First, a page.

For the ten moms participating in a weight loss challenge, their courage to go outside their comfort zone and engage in a healthier lifestyle can have tremendous effects not just in the short term, but in the long term as well. By holding themselves accountable, channeling stress in proactive ways, and staying active, each mother will be promoting immeasurable health benefits to not only each other, but their easily influenced children, too.
“It can only be a huge positive for our kids to see us choosing to make good changes and live healthier,” added Malory. “As moms, realizing that what we cook is what our kids will eat only adds a layer of importance. Of course our kids have their own snacks, but by focusing on adding more fruits and vegetables to our daily meals, and cutting out the unhealthy stuff, our entire households will become healthier.”
An opportunity for parents to teach their kids how to be healthy, shutting off the TV, computer and phone screens more often to go outside and enjoy the outdoors, while working together as a family is a win-win-win. Plus, there are huge bragging rights to whoever comes out the victor of Tulalip’s own weight loss challenge and puts a little extra coin in their pocket.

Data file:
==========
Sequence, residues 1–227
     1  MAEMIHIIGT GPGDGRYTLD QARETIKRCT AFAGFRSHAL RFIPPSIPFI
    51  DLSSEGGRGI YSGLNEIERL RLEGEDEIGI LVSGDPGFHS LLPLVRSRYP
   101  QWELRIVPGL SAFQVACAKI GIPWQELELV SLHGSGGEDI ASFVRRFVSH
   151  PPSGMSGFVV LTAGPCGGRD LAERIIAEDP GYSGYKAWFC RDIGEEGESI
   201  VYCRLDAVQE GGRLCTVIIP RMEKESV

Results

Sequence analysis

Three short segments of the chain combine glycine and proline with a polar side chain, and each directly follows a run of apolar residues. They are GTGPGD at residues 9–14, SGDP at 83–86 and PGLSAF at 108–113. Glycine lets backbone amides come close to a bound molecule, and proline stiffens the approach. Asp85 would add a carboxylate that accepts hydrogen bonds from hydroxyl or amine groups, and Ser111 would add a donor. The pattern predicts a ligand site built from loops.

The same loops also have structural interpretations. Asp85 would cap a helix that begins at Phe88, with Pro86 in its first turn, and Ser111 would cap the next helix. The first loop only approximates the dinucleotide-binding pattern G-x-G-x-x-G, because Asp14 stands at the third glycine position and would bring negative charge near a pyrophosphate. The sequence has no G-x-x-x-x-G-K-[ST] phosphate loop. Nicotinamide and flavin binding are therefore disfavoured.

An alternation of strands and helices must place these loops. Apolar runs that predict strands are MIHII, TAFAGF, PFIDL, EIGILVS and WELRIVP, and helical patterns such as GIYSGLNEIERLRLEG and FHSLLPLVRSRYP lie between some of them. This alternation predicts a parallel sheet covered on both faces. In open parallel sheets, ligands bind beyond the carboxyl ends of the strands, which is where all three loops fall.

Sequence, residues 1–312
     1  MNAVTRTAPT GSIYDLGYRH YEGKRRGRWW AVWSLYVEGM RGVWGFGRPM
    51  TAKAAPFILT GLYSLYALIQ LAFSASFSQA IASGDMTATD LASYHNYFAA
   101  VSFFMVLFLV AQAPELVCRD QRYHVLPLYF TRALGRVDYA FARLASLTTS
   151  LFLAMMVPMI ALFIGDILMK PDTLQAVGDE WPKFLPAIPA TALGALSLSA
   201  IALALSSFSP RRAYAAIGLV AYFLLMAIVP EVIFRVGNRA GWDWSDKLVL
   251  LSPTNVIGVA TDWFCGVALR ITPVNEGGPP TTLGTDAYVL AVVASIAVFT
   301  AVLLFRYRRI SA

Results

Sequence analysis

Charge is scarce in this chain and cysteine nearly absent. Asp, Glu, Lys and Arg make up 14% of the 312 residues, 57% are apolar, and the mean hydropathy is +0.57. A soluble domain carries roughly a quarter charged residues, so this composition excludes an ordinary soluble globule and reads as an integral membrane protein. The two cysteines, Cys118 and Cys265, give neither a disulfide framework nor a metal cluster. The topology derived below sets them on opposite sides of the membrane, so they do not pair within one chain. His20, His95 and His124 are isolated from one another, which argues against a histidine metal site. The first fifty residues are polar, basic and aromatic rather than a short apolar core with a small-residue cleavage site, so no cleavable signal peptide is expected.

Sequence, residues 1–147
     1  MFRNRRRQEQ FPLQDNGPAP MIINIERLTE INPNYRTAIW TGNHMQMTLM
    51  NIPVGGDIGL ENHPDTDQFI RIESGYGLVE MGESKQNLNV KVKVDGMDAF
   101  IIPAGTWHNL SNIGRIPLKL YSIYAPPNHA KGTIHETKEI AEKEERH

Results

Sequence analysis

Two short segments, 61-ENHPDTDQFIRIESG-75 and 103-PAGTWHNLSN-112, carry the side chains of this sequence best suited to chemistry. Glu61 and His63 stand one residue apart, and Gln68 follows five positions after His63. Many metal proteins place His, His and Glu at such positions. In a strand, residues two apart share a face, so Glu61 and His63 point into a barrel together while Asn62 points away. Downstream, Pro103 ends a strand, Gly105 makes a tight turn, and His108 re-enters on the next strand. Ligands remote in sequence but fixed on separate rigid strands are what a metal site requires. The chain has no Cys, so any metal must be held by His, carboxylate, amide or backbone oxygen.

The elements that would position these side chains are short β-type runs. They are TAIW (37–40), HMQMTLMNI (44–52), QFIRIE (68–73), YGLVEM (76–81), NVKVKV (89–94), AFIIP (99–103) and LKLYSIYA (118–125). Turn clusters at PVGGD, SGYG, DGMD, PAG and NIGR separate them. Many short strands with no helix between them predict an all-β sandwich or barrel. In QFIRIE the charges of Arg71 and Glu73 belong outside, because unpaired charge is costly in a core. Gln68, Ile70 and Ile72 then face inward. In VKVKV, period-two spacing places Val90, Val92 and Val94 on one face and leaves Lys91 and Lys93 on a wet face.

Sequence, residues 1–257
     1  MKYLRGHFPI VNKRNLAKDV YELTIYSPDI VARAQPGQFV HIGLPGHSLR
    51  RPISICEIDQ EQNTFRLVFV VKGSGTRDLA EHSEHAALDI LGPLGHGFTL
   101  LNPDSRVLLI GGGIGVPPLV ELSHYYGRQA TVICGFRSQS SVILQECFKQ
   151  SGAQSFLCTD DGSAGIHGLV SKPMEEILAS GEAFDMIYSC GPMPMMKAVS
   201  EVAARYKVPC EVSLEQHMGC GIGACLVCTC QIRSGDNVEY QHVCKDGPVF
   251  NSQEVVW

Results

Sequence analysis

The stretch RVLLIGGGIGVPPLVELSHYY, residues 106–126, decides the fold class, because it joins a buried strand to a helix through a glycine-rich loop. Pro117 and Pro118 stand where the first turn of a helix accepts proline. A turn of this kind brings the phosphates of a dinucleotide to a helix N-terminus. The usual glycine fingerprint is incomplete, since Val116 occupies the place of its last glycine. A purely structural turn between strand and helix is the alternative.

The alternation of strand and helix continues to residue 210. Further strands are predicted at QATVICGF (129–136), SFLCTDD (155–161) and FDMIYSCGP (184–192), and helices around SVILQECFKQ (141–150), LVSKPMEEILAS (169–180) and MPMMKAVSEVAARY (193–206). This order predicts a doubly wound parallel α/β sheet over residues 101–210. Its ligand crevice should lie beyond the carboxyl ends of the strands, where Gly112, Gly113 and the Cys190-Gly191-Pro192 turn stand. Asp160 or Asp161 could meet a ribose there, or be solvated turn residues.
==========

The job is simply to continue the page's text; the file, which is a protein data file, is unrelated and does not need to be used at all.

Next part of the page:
The group is set to reconvene on July 22 for another weigh-in. Regardless of what the scale shows, by choosing to be healthier with food selection and engaging in more exercise each determined woman is a winner.
“It’s so important to acknowledge everybody has a different body that will react uniquely to different weight loss methods,” said Courtney Jefferson. “Sharing this information lets us know its ok when a particular type of diet doesn’t work. For example, we hear a lot of talk about the Keto Diet, but it doesn’t work for everyone. Same applies to Paleo, Atkins, and even going vegan. We each have our own nutritional requirements and need to, most of all, be in tune with out body and how it reacts to different foods.
“There are sure to be some difficulties on this journey, but that’s why we’re doing it together,” she added. “Our support for one another will make it easier to keep moving forward.”
*Snohomish County health department reports 3,814 confirmed cases, with 3,209 of those individuals recovered and 164 deceased (4% mortality rate), as of 6/23/2020.